OPB: Lower Elwha Klallam Tribe keeps an eye on health of rivers

"River otters always leave the water to poop. So if you want to catch them, you’ve got to head to the bathroom.

Kim Sager-Fradkin is head wildlife biologist for the Lower Elwha Klallam Tribe.

“Because we had a latrine site here we set a trap,” Sager-Fradkin pointed out.

She’s out checking a series of traps, set up near what are called “otter latrines” along the banks of the Elwha River with her intern Selena Gray.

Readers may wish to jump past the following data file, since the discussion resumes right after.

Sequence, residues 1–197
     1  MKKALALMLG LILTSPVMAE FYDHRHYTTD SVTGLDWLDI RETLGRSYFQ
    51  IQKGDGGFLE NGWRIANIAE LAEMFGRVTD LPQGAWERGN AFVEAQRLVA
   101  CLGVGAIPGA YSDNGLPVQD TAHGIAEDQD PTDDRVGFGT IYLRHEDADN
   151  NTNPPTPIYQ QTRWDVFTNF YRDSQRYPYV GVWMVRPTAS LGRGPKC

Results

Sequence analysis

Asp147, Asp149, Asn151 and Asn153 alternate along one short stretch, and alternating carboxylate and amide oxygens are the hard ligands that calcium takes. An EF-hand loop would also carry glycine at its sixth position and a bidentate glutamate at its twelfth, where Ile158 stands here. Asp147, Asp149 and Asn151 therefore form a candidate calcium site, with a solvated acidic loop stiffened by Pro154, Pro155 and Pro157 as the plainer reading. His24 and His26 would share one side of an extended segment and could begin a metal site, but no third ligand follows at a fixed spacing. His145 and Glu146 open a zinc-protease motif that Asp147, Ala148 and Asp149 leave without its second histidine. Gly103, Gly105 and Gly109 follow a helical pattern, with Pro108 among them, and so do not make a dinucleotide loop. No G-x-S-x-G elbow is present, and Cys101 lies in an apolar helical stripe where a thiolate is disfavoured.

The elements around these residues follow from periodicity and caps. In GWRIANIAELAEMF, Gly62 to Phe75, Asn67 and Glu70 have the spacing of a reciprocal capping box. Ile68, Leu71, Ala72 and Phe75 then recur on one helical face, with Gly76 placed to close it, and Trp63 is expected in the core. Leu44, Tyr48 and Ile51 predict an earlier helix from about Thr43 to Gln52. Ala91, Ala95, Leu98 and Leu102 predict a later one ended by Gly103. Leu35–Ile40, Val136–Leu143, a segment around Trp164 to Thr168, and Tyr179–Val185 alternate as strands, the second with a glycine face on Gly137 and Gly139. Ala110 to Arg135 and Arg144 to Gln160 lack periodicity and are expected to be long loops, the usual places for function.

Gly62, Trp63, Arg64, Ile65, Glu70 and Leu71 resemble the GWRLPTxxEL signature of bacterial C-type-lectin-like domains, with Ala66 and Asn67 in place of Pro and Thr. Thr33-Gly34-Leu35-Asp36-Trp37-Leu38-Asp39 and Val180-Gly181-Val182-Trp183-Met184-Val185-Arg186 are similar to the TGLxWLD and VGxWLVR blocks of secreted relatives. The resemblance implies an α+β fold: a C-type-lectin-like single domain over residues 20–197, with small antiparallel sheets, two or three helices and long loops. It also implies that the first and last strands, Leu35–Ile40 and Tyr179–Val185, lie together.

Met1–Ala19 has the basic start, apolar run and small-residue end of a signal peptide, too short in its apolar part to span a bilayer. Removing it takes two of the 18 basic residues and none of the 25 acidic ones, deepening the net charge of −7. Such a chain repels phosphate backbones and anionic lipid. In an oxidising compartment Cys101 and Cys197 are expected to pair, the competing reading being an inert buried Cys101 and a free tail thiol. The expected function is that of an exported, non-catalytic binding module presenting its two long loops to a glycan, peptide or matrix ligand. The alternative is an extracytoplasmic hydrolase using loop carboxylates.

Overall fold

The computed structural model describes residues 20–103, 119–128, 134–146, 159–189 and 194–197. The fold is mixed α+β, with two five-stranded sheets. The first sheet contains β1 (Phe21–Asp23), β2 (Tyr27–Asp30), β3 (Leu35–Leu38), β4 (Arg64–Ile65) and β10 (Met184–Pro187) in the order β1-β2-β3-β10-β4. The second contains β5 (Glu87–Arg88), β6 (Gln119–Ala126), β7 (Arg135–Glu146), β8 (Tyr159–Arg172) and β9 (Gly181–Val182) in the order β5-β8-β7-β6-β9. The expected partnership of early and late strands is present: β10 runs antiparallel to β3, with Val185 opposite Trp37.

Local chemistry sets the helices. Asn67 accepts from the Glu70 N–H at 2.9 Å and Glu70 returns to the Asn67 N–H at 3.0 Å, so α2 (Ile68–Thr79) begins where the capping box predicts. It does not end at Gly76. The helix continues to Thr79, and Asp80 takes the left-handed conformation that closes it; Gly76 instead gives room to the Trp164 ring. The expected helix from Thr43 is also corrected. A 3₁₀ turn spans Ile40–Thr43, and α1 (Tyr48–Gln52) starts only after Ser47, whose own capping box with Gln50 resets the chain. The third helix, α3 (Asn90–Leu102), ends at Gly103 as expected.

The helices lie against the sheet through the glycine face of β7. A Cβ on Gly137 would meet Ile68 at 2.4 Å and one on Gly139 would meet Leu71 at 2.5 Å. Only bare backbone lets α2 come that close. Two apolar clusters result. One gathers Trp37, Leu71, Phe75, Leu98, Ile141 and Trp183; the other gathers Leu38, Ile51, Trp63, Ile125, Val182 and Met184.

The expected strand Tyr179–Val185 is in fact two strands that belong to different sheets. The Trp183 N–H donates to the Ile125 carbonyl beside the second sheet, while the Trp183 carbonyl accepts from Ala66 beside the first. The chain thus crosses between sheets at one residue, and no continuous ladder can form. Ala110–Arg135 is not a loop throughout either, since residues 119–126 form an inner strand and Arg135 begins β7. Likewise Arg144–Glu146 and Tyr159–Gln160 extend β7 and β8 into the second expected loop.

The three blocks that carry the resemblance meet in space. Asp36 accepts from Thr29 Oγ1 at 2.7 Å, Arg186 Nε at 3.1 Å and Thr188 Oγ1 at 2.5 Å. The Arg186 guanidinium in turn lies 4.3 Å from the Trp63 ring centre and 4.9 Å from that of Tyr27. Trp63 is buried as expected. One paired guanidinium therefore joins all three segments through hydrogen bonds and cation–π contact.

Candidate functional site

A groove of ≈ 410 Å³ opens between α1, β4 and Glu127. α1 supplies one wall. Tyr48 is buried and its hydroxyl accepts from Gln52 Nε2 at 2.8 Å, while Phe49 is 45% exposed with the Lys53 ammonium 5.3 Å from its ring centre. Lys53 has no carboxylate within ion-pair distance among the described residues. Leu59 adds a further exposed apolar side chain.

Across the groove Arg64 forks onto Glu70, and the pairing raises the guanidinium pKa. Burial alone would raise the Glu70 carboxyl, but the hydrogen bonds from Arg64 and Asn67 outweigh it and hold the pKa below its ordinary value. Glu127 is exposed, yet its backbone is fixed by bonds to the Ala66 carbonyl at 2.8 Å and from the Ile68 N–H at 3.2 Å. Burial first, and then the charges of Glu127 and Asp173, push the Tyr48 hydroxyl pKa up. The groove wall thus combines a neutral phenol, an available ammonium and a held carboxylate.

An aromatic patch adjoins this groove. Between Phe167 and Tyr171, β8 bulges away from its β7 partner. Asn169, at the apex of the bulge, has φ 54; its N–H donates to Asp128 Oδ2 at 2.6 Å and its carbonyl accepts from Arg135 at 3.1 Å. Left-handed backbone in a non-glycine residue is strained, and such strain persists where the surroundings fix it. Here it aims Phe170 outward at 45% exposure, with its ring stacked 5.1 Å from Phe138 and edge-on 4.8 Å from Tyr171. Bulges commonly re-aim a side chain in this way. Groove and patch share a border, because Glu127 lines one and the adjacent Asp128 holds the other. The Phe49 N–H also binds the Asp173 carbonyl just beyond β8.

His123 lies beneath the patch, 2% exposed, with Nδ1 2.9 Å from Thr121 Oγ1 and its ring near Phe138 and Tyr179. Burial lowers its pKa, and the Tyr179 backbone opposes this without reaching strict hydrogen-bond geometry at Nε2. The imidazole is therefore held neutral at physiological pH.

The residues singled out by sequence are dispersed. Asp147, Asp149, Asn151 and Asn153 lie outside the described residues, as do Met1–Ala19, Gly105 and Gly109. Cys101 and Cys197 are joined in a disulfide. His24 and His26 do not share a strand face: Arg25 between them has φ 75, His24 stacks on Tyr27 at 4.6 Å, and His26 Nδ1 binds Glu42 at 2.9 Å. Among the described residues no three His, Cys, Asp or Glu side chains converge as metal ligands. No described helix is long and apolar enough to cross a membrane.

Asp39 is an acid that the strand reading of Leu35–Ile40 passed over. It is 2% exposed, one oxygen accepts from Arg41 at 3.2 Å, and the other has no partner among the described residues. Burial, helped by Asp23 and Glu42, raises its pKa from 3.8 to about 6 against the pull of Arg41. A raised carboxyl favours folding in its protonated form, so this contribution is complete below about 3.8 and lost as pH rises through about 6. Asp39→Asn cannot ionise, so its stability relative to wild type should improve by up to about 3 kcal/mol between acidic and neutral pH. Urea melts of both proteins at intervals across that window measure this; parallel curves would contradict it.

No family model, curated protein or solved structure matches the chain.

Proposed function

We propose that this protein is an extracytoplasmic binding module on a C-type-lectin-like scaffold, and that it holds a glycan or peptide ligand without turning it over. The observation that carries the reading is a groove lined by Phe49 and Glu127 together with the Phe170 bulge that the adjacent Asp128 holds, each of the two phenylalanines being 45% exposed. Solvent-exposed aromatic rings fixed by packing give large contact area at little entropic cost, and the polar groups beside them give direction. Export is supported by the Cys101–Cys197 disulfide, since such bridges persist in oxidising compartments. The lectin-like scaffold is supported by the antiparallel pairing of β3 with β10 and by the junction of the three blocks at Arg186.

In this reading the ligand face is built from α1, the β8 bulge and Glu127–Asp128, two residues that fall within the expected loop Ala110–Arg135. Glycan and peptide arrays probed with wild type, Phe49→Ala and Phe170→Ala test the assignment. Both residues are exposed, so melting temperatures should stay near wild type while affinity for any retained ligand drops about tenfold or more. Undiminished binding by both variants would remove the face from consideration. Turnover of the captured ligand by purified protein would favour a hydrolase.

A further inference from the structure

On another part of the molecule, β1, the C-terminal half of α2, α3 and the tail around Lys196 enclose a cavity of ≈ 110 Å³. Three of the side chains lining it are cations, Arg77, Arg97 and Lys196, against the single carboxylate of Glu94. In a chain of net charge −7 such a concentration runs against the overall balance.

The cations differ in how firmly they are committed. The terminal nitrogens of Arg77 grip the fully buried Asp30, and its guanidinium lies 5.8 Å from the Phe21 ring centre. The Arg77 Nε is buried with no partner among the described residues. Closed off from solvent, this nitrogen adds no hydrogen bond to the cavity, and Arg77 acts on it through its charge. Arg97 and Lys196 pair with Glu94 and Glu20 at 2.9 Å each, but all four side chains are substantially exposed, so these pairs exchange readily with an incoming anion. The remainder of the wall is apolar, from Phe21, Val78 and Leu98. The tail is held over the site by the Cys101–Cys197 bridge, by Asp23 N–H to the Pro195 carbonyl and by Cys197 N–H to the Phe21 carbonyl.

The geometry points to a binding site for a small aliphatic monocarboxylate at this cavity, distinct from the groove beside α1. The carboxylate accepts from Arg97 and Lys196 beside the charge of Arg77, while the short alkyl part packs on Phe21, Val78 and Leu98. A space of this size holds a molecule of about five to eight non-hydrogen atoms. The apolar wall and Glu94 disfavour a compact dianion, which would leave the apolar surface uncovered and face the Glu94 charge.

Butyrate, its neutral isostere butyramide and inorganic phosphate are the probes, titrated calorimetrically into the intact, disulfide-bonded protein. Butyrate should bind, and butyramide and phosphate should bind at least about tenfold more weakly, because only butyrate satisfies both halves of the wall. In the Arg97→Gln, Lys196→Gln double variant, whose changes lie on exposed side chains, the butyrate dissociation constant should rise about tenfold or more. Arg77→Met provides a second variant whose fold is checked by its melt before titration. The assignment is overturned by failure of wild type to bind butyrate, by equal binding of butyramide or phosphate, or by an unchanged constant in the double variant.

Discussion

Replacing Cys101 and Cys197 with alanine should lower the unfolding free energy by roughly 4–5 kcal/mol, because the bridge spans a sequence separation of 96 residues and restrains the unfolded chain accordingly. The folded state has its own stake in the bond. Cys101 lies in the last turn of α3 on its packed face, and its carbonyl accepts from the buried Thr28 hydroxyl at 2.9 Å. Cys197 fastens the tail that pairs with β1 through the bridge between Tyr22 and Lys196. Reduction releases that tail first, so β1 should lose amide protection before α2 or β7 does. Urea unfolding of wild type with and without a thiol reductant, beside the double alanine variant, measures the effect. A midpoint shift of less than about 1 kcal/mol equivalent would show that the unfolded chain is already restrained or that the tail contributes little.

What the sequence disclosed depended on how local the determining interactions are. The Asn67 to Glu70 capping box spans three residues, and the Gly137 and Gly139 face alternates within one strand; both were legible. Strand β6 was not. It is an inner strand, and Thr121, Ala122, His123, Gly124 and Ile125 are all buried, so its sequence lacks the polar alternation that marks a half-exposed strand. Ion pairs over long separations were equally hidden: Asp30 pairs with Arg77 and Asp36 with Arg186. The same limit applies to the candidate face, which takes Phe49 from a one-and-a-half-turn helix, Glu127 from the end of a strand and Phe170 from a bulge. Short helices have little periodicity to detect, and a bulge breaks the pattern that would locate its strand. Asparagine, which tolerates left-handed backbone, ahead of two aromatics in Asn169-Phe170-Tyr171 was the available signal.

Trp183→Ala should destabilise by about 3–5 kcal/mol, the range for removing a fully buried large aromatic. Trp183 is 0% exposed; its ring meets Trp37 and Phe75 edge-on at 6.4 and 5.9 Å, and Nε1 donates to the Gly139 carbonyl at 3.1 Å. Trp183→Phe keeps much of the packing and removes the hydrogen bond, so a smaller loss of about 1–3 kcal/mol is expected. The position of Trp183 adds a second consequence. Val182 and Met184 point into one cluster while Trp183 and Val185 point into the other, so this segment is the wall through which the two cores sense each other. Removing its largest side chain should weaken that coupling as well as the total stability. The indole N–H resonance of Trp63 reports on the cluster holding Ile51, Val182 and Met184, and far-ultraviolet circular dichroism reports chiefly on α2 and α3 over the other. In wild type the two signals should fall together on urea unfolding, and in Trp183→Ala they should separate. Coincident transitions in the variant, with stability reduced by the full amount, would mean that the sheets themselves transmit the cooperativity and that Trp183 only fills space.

“They function as bathrooms but also as social congregation sites and scent marking sites. So multiple otters will use a single latrine and any individual otter will use multiple latrines up and down the river so there’s always a whole series of latrines up and down the river.”

Sort of like restroom stops along the freeway. But instead of funky smells and toilet paper on the floor, otters prefer to relieve themselves on leafy green river-front property, as Selena Gray explains."

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